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The Rhode Island controversy over Gov. Lincoln Chafee's decision to call the decorated spruce tree in the State House rotunda a "holiday tree" instead of a "Christmas tree" spilled over to Jon Stewart's "The Daily Show" program on Dec. 6.
During a segment on the "Tree Fighting Ceremony" that focused on Fox News' assertion that there is a culture war against Christmas, Stewart said, "Perhaps you'd prefer to celebrate Christmas the way our Founding Fathers did."
Then he cut to a video clip from a documentary from the History channel cable network that stated: "On Dec. 25, 1789, the United States Congress sat in session and continued to stay open on Christmas Day for most of the next 67 years."
"That's right," Steward added. "When the country was founded, Congress had exactly the same attitude about the sanctity of Christmas celebrations that a 7-Eleven does today. 'Yeah. We're open.'"
We were intrigued by the idea that members of Congress in the early days would be on the job most Christmas Days, even if Dec. 25 fell on a weekend. So we started digging.
As the program made clear, Stewart was quoting a History channel program, "Christmas Unwrapped - The History of Christmas."
A Google search also brought us to an American Civil Liberties Union website on the "Origins of Christmas." It includes this quote: "Congress met on Christmas Day every year from 1789 to 1855, with only three exceptions."
It lists the source as a 2007 article from the journal Word and World called "Christmas Was Not Always Like This: A Brief History" by Bruce David Forbes. The ACLU web page also references the History channel website, which says that "Christmas wasn't a holiday in early America—in fact Congress was in session on December 25, 1789, the country's first Christmas under the new constitution."
We turned to Donald Ritchie, historian of the U.S. Senate. He had his doubts, saying that Congress typically took Christmas Day off. They didn't take a longer Christmas break, as they do now, because, in those days, traveling back to the home districts took too long.
From there, we dug into the records. Our first discovery: the claim that "On Dec. 25, 1789, the United States Congress sat in session" is flat-out wrong.
The web page "Dates of Sessions of the Congress, 1789-present" says that the last session of 1789 for both the House and the Senate was Sept. 29. By the time Christmas came around, Congress had been out of session for nearly three months. Both bodies reconvened on the first Monday in January 1790.
The web page also shows that there were three years from 1789 to 1857 when Congress had a formal recess that extended over Christmas Day. But that doesn't mean they were on the job on Dec. 25 during all the remaining years.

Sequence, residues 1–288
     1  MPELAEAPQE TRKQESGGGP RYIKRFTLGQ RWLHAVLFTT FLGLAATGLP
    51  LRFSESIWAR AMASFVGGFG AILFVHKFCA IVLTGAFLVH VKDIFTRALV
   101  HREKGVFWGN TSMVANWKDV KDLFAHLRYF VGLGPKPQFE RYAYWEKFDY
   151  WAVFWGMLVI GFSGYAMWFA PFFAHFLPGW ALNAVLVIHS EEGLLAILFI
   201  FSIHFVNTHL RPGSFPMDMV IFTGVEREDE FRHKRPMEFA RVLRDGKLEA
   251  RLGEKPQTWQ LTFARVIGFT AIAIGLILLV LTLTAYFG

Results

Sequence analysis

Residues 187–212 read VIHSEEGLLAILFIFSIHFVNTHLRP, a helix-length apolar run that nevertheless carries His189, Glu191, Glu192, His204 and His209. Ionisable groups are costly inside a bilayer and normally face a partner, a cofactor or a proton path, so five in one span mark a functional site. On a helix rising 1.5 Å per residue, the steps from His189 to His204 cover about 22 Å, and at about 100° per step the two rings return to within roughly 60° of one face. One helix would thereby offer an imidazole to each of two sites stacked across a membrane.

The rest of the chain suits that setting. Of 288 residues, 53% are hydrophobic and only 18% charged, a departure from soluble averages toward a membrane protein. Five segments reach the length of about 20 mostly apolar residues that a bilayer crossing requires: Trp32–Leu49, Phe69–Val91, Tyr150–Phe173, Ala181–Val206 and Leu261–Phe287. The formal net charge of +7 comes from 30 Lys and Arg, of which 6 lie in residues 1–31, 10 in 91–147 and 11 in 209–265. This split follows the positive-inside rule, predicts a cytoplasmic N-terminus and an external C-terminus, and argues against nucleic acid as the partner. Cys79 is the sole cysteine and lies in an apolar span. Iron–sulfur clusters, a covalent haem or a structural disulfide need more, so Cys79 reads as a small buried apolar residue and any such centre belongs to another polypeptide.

To find out, we went through the journals that were the predecessors of The Congressional Record.
So how many times did the House and Senate meet on Christmas Day during the first 68 years of Congress?
The Senate assembled and immediately adjourned on Christmas Day in 1797; the House met on Christmas in 1802.
Jon Stewart, ridiculing Fox News' coverage of the "War on Christmas," repeated a claim by the History channel that Congress met nearly every Christmas Day from 1789 to 1856. The ACLU makes the same claim, based on a magazine article.
But daily records show the complete opposite, with just one exception each for the House and Senate.
So the assertion that Congress met virtually every Christmas during that period is completely False. The idea that members would do so when there's a 1 in 7 chance that Dec. 25 would fall on a Sunday makes this idea ridiculous. So gather friends and family around the hearth as we give this Christmas claim by Stewart, the ACLU and the History channel a collective Pants On Fire!
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TheDailyShow.com, "Tree Fighting Ceremony," Dec. 6, 2011, accessed Dec. 7, 2011
ACLU.org, "Origins of Christmas," accessed Dec. 7, 2011
History.com, "Christmas Facts," accessed Dec. 8, 2011
Interview and emails, Donald A. Ritchie, historian, U.S. Senate, Dec. 7, 2011
Senate.gov, "Dates of Sessions of the Congress, 1789-present," accessed Dec. 7, 2011
LOC.gov, "A Century of Lawmaking For a New Nation: U.S. Congressional Documents and Debates," Library of Congress, (Annals of Congress covers 1789-1824, Register of Debates covers 1824-1837, and Congressional Globe covers 1833-1873), accessed Dec. 7, 2011. Alternatively, a chronological listing of the early sessions of Congress can be found here for the House and Senate.
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